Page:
Keep the truck and any associated equipment in great working order.

A lot of long-haul truckers, known as owner-operators, will buy a truck or they might lease a truck and then go into business, not for a company but for themselves.

How to prepare: Most of the trucking companies will require their own truck drivers to have at least a high school diploma or its' equivalent.

Many trucking companies will require their drivers to attend a professional truck-driving school, participating in training courses that teach them to maneuver a large tractor trailer on our highways or on crowded streets. The classes also teach the drivers any federal laws and any regulations that govern interstate trucking. Students can either attend a private truck-driving school or opt for a program offered at their closest community college lasting somewhere around 3 or 6 months.

After completing any of these types of classes, the driver will receive a certificate of completion.

Our U.S. Department of Transportation might also be considering to require any recently hired interstate truck drivers that are new to the trade, take and pass a certified truck-driving class or course.

<<Find a Truck Driver Job Here>>

Job #5. Real Estate Agent

Real Estate Jobs

Median annual salary*
Job growth from
2012 to 2022**
11 percent

A Real estate broker and also any sales agents will need to have at minimum their high school diploma. Yes, if you are a broker or a sales agent, you will need to be licensed, (a must have). To get your license, you will need to enroll in a number of professional real estate courses also most importantly, pass the final licensing exam.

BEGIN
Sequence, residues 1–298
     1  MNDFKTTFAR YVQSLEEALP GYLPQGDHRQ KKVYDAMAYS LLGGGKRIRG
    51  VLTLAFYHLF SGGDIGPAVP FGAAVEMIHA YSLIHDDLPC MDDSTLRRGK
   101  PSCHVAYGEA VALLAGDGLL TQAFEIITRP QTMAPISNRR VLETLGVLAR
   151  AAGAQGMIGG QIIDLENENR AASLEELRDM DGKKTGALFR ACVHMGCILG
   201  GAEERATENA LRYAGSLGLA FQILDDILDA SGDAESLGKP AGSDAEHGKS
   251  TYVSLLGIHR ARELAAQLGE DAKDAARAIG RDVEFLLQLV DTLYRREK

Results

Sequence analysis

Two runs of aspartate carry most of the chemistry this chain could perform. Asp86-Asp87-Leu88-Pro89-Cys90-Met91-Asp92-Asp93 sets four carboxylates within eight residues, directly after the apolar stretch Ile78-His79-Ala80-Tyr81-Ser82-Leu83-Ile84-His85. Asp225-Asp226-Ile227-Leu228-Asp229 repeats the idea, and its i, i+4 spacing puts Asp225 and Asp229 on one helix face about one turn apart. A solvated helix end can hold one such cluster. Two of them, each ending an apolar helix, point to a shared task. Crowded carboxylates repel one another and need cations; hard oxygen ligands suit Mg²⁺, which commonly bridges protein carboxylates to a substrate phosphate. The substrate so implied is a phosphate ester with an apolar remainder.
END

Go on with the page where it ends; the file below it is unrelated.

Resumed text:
Licensing requirements will slightly vary by state, but they all have the same basic requirements:

A candidate must

    be 18 years of age
    be able to complete a number of professional real estate courses
    pass an exam

State licenses will need to be renewed often, mostly 2 to 4 years. Depending on which state you work in, brokers and all agents must be able to complete real estate continuing education special courses in order to renew their license. If you would like to verify any of your states licensing requirements, those of you looking for a career as a broker or agent, should immediately contact your local real estate licensing commission for the individual state that you want to work in.